Ticket troubles: Contact 6 helps woman fix Big3 ticket purchase confusion

Data pix.

MILWAUKEE — At every big event at Fiserv Forum are people who find out their tickets aren't as good as they thought or learn they were outright scammed.

One woman learned this lesson the hard way when the all stars of Ice Cube's Big3 Basketball league came to Fiserv Forum. In the crowd was a Milwaukee man and his sons who got tickets from a friend, Jane Munoz. She spent $370 buying her friend the tickets.

"He's a single father. So, I like to do something for him and his kids," Munoz said. "I thought I was on Ticketmaster but I later found out it was Tickets-Center."

When the tickets came, they were further back than Munoz thought --  in row 17--  and above face value. She asked Tickets-Center for a refund.

"I said, 'I want it rectified.' They said, 'There's nothing they can do," Munoz recalled.

Contact 6 reached out to Tickets-Center, which said there's several disclaimers that their tickets are resale and may be above face value. It points out Munoz's purchase was for seats within section 106 anywhere from row DDD to 21.

The Milwaukee Bucks say tickets from their authorized websites list exact seats.

"Go through the venue. Go through the team website. Go through Ticketmaster," explained Dustin Godsey, Bucks Chief Marketing Officer. "There are a few rare occasions, standing-room only ticket, or some of those packages, but it'll be very clear on there."

 

Sometimes people buy tickets from what they think is an authorized website, but it's actually a scam site.

"They will mirror our site so that it will look like it. So, they could do something like Fiserv-forum.com," Godsey offered as an example.

In the end, Tickets-Center told Contact 6, "As a one time courtesy, stepping outside of the agree upon sales terms, we offered Ms. Munoz the full refund."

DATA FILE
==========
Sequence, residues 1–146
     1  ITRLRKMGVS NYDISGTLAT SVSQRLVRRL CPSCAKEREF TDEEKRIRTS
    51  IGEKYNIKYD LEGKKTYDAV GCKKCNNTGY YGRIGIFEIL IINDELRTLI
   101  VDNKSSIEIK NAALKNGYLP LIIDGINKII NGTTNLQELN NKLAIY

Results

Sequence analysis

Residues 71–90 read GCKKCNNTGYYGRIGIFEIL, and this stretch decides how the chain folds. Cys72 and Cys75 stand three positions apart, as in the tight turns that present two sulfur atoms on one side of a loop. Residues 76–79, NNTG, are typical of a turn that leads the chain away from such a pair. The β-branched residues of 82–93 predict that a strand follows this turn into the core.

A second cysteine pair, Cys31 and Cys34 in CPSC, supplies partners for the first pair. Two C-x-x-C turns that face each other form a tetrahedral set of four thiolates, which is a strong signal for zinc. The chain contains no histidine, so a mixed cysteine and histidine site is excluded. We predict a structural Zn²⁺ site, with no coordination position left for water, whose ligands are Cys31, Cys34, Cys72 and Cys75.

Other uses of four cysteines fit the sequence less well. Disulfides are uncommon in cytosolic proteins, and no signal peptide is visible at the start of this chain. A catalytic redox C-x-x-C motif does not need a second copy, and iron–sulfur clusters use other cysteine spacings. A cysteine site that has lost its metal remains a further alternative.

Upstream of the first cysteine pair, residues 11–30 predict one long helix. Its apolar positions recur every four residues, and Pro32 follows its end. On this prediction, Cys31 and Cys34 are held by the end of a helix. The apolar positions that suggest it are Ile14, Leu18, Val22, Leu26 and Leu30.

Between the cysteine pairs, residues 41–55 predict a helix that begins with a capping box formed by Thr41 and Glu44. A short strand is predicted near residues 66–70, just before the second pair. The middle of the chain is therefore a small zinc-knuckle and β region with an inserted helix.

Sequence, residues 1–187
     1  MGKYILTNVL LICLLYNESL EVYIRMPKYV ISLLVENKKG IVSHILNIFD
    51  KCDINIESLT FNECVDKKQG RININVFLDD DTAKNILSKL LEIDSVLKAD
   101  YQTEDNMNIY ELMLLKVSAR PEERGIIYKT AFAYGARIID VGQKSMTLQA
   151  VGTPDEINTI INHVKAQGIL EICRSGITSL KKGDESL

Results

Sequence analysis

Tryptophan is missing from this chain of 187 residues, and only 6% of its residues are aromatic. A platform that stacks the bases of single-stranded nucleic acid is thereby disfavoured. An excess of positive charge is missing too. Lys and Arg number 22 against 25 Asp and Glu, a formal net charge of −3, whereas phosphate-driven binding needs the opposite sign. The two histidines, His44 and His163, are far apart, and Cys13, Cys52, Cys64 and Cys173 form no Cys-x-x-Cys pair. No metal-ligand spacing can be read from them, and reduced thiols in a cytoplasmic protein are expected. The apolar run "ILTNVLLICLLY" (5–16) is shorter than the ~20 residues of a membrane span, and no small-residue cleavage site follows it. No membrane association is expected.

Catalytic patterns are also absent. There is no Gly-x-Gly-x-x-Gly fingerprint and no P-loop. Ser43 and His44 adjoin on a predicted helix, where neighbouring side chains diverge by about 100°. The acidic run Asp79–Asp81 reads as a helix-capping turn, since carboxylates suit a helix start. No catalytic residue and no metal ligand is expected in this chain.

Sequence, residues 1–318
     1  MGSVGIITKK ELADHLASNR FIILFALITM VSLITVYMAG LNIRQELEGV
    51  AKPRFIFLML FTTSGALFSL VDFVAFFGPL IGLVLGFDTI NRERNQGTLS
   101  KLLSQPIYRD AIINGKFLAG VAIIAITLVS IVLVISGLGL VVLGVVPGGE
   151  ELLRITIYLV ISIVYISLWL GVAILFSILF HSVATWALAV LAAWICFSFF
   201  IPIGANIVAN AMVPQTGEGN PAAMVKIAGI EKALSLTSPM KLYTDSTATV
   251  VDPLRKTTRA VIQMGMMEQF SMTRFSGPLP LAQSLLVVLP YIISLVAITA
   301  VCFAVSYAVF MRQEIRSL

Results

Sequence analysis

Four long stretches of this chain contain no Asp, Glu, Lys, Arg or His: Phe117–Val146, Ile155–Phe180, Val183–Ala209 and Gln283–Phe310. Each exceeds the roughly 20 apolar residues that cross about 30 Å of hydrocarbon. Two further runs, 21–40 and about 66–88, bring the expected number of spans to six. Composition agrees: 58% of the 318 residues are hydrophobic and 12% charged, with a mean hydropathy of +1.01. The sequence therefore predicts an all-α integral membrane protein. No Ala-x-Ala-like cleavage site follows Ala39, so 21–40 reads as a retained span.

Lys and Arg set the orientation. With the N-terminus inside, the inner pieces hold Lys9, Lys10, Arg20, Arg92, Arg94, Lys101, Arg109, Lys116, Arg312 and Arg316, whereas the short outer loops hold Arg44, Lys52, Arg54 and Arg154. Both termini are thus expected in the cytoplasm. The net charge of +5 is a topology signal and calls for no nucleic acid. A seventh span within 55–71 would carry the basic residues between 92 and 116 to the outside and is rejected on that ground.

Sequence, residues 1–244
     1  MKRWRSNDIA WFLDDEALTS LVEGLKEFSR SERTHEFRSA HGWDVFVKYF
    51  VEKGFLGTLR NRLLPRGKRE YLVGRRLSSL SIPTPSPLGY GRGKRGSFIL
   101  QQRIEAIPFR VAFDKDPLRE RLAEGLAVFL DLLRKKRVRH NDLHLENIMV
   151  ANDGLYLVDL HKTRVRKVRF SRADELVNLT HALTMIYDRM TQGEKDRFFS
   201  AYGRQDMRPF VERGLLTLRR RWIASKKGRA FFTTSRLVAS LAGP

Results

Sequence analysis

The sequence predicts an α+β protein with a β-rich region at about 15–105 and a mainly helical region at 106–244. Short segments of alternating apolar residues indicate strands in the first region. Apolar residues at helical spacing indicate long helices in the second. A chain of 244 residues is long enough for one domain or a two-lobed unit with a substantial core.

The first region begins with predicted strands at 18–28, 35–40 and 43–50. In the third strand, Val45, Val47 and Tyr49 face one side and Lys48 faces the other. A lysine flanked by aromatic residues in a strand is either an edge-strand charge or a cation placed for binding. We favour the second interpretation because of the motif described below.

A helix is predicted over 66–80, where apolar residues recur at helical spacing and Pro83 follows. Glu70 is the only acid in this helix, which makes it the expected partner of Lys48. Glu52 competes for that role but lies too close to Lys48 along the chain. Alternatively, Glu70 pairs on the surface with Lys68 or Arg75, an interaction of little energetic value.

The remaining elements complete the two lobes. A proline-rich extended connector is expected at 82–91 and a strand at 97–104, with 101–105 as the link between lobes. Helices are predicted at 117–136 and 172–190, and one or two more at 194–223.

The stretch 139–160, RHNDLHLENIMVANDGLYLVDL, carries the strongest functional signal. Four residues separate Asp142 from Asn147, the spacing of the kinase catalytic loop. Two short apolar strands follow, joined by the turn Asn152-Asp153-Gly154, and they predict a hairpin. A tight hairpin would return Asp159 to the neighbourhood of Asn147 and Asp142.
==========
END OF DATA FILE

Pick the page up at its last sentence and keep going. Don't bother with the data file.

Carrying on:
Munoz was grateful. She bought the boys new seats and they went to the game.

"I'm glad that I got the boys to the game," she said.

Tickets-Center.com has a B-minus rating with the BBB and is not affiliated with any box office or venue. The BBB offers the following tips when buying tickets to an event:

  • "Purchase from the venue whenever possible. Many official ticket sales agents now offer secondary sales options, as well. 

  • Consider your source. Know the difference between a professional ticket broker (a legitimate and accredited reseller), a ticket scalper (an unregulated and unlicensed ticket seller), and a scammer selling scam tickets.

  • Check out the seller/broker. Look them up on bbb.org  to learn what other customers have experienced. Check to see if they are a member of the National Association of Ticket Brokers. NATB members offer a 200% purchase guarantee on tickets. Look up the seller on VerifiedTicketSource.com to confirm you are buying from an NATB-member resale company.

  • Buy only from trusted vendors. Buy online only from vendors you know and trust. Look for the lock symbol in the web address to indicate a secure purchasing system. Don’t click through from emails or online ads; a common ticket scam trick is to create a web address that is similar to a well-known company.

  • Know the refund policy. You should only purchase tickets from a ticket reseller that provides clear details about the terms of the transaction. Sellers should disclose to the purchaser, prior to purchase, the location of the seats represented by the tickets, either orally or by reference to a seating chart; and, if the tickets are not available for immediate access to the purchaser, disclose when the tickets will ship or be available for pick up.

  • Use payment methods that come with protection. Always use a credit card so you have some recourse if the tickets are not as promised. Debit cards, wire transfer or cash transactions are risky; if the tickets are fraudulent, you won’t be able to get your money back.

  • Be wary of advertisements. When you search the web for online tickets, advertisements for cheap tickets will often appear. Use good judgment; some of these ads are going to be ticket scams, especially if the prices are low.

  • If you’re unsure, verify your tickets. Pay a visit to the arena where the event will be held. Present your ticket to “Will Call” (customer service) and they can verify if your ticket is legitimate and show you how to tell if a ticket is fake."

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